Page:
U.S. ends World Cup drought, thrilling Michigan fans

Leonard N. Fleming
The Detroit News

It’s been 16 long years for the U.S. Women’s soccer team.

Celebrated this year with a new crop of stars, interest had been building for the first World Cup victory since 1999.

On Sunday night, with the U.S. favored, the women’s team won its third World Cup title, avenging its loss to Japan in 2011. The team started scoring goals early, thrilling fans and ending the 16-year drought that trounced early hope the U.S. was starting a dynasty with its 1999 win over China.

Local fans, it appeared Sunday night, had waited long enough. They packed Red Fox English Pub in Royal Oak and jammed Thomas Magee’s Sporting House and Whiskey Bar in Eastern Market in Detroit, following every goal and proclaiming it the U.S.’ to lose.

Boris Nisnevich, 30, of Detroit raised his arms high at Magee’s bar, wearing his USA soccer jersey as the U.S. claimed victory.

“They made up for 2011, the 2012 Olympics,” he said. “This team has been building to this for six years,” he said, over the chants of “USA, USA.”

For Chad Haase, the World Cup victory was enjoyed at the Red Fox English Pub in Royal Oak with his daughter, Natalie, 11. Compared to the last time the U.S. women’s team won a title, this time “it’s much more competitive with the women globally now than it was 16 years ago.”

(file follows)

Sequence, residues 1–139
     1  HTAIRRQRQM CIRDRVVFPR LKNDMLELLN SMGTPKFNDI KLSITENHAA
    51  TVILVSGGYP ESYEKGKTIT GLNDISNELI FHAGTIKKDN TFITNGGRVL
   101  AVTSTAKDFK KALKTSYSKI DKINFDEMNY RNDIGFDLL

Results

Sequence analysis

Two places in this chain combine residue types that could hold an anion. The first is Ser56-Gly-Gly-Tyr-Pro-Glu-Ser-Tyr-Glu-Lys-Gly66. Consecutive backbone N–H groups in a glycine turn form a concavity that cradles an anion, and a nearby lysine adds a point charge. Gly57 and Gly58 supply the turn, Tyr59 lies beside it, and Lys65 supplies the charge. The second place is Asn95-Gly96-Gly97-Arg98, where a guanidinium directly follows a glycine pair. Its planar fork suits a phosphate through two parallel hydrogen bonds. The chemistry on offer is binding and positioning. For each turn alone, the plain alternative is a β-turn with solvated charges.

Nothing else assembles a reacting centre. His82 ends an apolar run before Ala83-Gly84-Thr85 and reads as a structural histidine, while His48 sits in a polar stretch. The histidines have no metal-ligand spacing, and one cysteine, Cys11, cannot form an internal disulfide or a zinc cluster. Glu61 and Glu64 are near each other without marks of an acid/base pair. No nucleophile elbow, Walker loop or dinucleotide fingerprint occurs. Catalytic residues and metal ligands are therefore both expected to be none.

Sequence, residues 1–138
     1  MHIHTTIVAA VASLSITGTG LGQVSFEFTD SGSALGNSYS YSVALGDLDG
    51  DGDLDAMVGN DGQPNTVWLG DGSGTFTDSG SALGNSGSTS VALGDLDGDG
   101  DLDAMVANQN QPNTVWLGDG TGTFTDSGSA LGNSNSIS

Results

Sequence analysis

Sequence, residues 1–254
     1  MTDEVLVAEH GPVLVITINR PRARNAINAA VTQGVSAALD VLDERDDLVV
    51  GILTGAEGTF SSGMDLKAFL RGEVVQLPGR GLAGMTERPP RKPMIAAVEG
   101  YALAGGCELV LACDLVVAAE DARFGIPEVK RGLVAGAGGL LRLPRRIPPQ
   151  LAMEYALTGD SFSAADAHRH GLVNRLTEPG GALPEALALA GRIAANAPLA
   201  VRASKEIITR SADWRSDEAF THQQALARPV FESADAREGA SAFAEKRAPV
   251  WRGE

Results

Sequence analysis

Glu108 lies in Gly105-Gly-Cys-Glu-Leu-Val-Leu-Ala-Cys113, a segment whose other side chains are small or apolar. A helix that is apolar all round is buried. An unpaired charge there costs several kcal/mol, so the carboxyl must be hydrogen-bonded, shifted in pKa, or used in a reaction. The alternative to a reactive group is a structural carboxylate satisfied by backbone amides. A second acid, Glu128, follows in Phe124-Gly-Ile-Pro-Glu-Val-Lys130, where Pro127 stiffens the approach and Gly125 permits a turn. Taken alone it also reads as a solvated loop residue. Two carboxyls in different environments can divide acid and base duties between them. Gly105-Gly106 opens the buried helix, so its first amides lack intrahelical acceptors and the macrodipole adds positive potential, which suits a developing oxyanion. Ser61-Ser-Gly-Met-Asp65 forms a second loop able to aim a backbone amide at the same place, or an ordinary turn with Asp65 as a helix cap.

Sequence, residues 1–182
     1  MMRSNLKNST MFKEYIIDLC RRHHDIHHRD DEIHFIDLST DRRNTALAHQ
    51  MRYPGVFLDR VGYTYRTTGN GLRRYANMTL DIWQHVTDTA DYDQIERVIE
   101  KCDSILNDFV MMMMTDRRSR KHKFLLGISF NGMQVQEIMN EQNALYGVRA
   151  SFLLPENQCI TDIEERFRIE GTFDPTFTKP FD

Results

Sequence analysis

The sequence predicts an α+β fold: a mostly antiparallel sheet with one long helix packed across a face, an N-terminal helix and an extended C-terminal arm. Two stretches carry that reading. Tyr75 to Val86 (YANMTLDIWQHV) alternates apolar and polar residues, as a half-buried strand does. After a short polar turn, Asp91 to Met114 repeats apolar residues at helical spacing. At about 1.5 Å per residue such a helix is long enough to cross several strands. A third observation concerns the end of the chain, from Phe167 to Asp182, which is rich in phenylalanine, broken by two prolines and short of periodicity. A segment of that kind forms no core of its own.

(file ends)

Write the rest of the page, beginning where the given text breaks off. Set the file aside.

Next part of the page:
“Obviously it was quite an accomplishment back then but I think it’s just that much harder to win it,” Haase said. As for his daughter, this was her first World Cup.

“It was nice to share that experience with her because there’s not many bars locally you can go to,” he said. “She was definitely inspired.”

With 35-year-old Abby Wambach playing in her final World Cup, and Hope Solo, 33, and Carli Lloyd, 32 — the standout star in Sunday’s game — likely doing the same, the team will be remembered as the one that finally emerged from beneath a shadow.

Since then, the U.S. has made the final only once, four years ago. It was time to bring it home, said Lauren Lobert of Brighton.

She was another of the rabid soccer fans jammed into Magee’s on Sunday, watching a 4-0 early lead by the United States that shocked everyone in a game where goals can be rare.

“This is unheard of really,” said Lobert, 29, who watched the game with her sister, Alyson Lobert, 32, and other friends.

“It’s cool to see all the women like Abby Wambach and everybody who hadn’t won a World Cup yet," she said.

Her sister added it was “so inspirational” for the “kids now who are playing soccer, to all of us who have grown up playing soccer.”

The Lobert sisters, both of whom play in local soccer leagues, have been to two men’s World Cups in Brazil and South Africa. This year, they watched closer to home as the U.S. team play in Vancouver, British Columbia.

“We’ve been to probably 10 World Cup games live and we’ve never seen four goals scored by one team,” Lauren Lobert said. “It’s pretty crazy.”

Magee’s sports bar is the official fan bar for soccer in Michigan and is known across the country, says owner Erik Olsen.

“This is normal for us, we’re used to it,” said Olsen over the loud cheers and “ohhhhs” and “ahhhs” after every close play on the several screens above him. “We were going to be closed today for the holiday but once we made the final, we were obviously going to open up for it.”

Regan Watson, 36, of Hamtramck also watched the Cup victory at Magee’s. Originally from Canada, said “there’s no better way than America winning the World Cup the day after the Fourth of July.”

Detroit News wire services contributed to this report.